Like the road in Bilbo Baggins' song, the Tolkien industry goes ever on. No self-respecting medievalist's pension plan is complete, it seems, without a "pop" book explaining how J.R.R. got it all from Beowulf, the Old Norse Poetic Edda and other early medieval, northern European literatures. The publisher's blurb on the flyleaf then, is all the more shameful for its claim that Mark Atherton's book is "the first to show in depth" the debt that Tolkien's fantasy novels owe to these earlier traditions.
Where now Shippey's Road to Middle-Earth? Where now Lee and Solopova's Keys of Middle-Earth? Where the companions Gilliver, Marshall and Weiner, generous givers of The Ring of Words? Literary reputation is indeed as fleeting as Bede's sparrow through the lit hall when another Peter Jackson blockbuster is on the horizon and the marketing people can smell a treasure hoard around the corner.
What is truer to say is that Atherton is the first medievalist to bring his philological expertise to bear more narrowly on The Hobbit, focusing on that single novel, usually regarded by Tolkien nuts as the lesser achievement, the minor prelude to the magnum opus that is The Lord of the Rings. The result is rather refreshing, and certainly a challenge to that notion of the Tolkien canon, for Atherton (who teaches Old English at the University of Oxford) is not only concerned to excavate nuggets of allusion to "the Dark Ages" with "dwarvish" enthusiasm but also brings a broader knowledge of literature to the novel, and a reader's sensitivity as well as a philologist's eye for detail. So alongside teaching us that Smaug the dragon gets his name from the Old English verb smugan ("to creep"), Atherton points out the several surprising similarities between The Hobbit's opening and that of Kenneth Grahame's Wind in the Willows. Once-popular children's literature such as E.A. Wyke-Smith's The Marvellous Land of Snergs is given equal attention with the Old Norse Volsunga Saga, Rudyard Kipling's Puck of Pook's Hill with Henry Sweet's Anglo-Saxon Primer.
Atherton has also quarried seams of lesser-known materials in order to map the compositional processes by which The Hobbit's narrative was gradually formed. Thus the early drafts of the children's story Roverandom, as well as the text of the important Andrew Lang lecture, delivered at St Andrews in 1939, and preserved in the university library there, are brought into dialogue with Bilbo's adventure in illuminating and engaging literary criticism.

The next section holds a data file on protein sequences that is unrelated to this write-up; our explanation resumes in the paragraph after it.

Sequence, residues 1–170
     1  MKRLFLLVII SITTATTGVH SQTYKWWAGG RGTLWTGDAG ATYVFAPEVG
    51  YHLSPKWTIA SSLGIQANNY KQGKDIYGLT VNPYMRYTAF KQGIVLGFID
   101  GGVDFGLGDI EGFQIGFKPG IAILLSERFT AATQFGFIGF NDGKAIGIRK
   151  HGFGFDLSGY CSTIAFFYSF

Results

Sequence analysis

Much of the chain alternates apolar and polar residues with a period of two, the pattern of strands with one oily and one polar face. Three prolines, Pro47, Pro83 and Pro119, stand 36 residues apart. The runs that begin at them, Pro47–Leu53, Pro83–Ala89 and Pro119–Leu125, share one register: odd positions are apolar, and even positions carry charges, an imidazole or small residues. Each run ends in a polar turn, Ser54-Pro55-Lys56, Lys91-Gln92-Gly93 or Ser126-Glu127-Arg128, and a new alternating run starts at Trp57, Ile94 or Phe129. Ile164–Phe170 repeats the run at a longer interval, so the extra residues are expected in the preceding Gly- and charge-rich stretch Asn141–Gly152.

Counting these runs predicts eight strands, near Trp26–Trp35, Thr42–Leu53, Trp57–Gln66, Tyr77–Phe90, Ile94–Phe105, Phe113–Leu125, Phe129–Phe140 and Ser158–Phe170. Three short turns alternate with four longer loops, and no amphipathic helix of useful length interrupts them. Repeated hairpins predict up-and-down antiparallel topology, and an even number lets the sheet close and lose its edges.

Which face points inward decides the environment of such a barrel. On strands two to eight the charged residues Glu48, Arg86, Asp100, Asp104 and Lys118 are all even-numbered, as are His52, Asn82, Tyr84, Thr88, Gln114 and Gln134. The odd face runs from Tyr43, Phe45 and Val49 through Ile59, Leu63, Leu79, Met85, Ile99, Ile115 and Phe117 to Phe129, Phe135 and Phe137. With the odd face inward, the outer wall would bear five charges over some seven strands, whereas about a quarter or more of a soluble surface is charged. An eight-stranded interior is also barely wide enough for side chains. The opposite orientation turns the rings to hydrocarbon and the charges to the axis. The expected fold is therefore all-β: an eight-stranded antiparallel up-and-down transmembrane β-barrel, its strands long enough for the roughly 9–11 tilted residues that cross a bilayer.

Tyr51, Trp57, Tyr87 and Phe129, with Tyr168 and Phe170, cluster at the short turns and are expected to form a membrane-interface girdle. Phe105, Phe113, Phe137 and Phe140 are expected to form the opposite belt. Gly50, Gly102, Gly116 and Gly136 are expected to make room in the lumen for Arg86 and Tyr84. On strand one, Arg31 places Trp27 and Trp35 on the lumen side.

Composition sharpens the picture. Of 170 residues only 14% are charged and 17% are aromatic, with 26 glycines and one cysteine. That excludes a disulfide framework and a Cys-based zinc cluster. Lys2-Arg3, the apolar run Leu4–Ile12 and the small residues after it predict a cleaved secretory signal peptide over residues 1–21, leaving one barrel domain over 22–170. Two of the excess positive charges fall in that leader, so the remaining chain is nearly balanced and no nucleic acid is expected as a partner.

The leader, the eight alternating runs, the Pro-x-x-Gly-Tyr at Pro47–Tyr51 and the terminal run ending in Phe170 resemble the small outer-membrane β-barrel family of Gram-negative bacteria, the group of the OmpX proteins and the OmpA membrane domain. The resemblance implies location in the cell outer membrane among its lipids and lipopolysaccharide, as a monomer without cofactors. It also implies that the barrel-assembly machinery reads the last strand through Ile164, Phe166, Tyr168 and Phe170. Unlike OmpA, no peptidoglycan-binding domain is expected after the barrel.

Occasionally Atherton's fine attention to minutiae temporarily leads him into a scholarly mirkwood: that Tolkien once wrote "a green great dragon" as a boy, but in maturity would write that Gandalf had a "tall pointed blue hat" and a "long white beard", is not really an indication that he had learned (from Sweet's A New English Grammar or otherwise) and was now exploiting to his advantage the rule of increased specialisation of adjectives in English; it is a principle all native speakers naturally absorb and can hardly avoid. If anything, these particular examples illustrate only that Tolkien's descriptive prose could at times descend to a poverty of cliche.
But Atherton is excellent on what surely attracts most of Tolkien's large fan base: the rich intertextual depth that lies beneath the surface of his simple plot of "there-and-back-again" adventure in the form of the many stories and narrative traditions that are hinted at in what Beowulf scholars would call the "digressive method" of telling. Such strategies of story were once ubiquitous in the Middle Ages. Perhaps those hoary old bards with their long white beards knew a thing or two? And Atherton is a great, digressive guide on our journey to reading in sympathy with them and their famous descendant.
There and Back Again: J. R. R. Tolkein and the Origins of the Hobbit
By Mark Atherton
I. B. Tauris, 288pp, £20.00
Published 12 September 2012
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